How to describe such a unique fantastical premise…
Entire societies are mobile; each hierarchical city functions within its own feat of engineering (think interlocking collapsable compartments). These giant robotic apparatuses roam the globe vying for power, forcibly assimilating anyone who gets in their way. The plucky young heroes could’ve been in The Maze Runner!
Until now, such an imaginative book series couldn’t have been adapted for the screen. Fortunately, The Peter Jackson specializes in bringing fictional worlds to life via intricately detailed sets and props enhanced by state-of-the-art computer animation.
There are few angles of American foster care left to explore so this movie explores them all simultaneously. Each situation is unique and the entire system itself is complex; even a counselor might be trying to leave her own dark past behind.
There are new arrivals and seasoned veterans, new staff members and old pros, procedures to be followed and rules to be broken but ultimately, the reason it exists is because Human beings aren’t always valued. Yet whatever its flaws, there will never be a truly perfect system so long as it needs to exist in the first place.
What makes this movie impressive is its skillful handling of such a delicate subject; the bittersweet story is in more than capable hands, which lend their skills to retain the humanity of the types of people each character represents, especially those we rarely– if ever– see depicted outside of a stereotype. It’s a relief to think we’ve moved past the naive rich White saviors of the 1990s into sympathy for the plight of the mistreated, rather than pity for the tragically pathetic.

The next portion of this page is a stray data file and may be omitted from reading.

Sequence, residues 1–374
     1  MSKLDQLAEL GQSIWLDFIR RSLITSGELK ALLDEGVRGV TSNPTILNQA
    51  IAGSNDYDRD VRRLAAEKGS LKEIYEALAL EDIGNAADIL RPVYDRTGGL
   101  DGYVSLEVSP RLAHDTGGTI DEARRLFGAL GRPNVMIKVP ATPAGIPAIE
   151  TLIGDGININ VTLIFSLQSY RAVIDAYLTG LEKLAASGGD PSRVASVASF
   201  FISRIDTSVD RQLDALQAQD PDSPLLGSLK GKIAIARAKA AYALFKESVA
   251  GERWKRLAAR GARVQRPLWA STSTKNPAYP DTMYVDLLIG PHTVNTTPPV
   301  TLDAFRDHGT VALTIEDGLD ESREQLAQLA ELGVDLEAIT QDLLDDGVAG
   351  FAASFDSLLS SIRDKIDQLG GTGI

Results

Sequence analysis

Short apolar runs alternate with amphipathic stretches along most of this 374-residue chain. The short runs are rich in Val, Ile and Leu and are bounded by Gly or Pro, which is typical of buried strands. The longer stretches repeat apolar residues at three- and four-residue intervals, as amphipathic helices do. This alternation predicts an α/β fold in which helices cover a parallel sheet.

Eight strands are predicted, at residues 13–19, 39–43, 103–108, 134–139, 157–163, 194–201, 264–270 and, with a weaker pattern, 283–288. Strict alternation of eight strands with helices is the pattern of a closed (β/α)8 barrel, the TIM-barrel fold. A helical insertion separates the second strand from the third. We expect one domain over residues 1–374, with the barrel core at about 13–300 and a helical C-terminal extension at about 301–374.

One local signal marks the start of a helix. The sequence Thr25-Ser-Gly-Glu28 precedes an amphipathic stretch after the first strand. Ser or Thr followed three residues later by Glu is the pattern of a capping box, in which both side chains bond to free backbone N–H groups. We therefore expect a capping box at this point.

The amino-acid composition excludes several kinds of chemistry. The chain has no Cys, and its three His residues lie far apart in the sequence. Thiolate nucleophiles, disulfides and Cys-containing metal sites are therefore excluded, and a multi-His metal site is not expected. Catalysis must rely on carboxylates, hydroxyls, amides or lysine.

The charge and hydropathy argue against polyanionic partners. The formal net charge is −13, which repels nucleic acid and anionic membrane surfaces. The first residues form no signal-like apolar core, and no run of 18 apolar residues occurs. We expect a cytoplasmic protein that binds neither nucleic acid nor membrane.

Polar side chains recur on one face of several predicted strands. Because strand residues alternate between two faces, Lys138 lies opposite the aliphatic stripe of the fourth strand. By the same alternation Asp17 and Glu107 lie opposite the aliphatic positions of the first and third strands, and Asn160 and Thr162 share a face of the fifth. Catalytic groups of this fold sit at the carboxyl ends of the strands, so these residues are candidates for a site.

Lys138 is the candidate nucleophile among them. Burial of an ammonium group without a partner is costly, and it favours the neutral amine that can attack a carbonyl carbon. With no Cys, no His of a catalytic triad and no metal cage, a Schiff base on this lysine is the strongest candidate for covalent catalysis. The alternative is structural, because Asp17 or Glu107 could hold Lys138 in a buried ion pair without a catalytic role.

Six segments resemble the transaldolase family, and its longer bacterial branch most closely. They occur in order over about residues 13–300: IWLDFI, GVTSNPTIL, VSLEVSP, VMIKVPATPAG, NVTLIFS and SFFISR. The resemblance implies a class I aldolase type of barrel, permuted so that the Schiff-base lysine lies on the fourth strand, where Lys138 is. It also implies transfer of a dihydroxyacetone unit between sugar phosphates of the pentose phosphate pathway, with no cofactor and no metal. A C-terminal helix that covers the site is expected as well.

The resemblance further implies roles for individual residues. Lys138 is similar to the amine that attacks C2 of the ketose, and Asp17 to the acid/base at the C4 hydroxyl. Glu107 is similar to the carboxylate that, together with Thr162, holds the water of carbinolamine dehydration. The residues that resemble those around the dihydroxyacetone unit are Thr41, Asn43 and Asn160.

In writing, as in life, less is more. Correspondingly, a simple story allowed to stand on its own, free to breathe (i.e. without overt biases and/or contrived themes imposed upon it), will naturally generate “The Conversation” so many artists eagerly crave these days.
Personally, I heard it say, “If you spend half as much time devoted to the task at hand as you do trying to get out of it, you’ll be fulfilled by both the process and the result. In the end, making a quick buck is complicated and expensive!”
But as viewers found with Doubt, everyone will walk away from the movie insisting it was about something else.
To pidgeon- hole this as a post- apocalyptic story would be too crass for such a nuanced satire that intimately explores the Human Experience; few films capture such a raw and visceral perspective. One of its co-leads compared this to Harold and Maude, which is apt given its subtle dark humor. However, the isolation the characters […]
The conversation about low income struggles that other movies started continues. I commend doing so with respect for the dignity of the Human Beings involved, especially children born into poverty and raised by drug- addicted parents. What this movie has that most of its kind lack is empathy as opposed to pity. There are no […]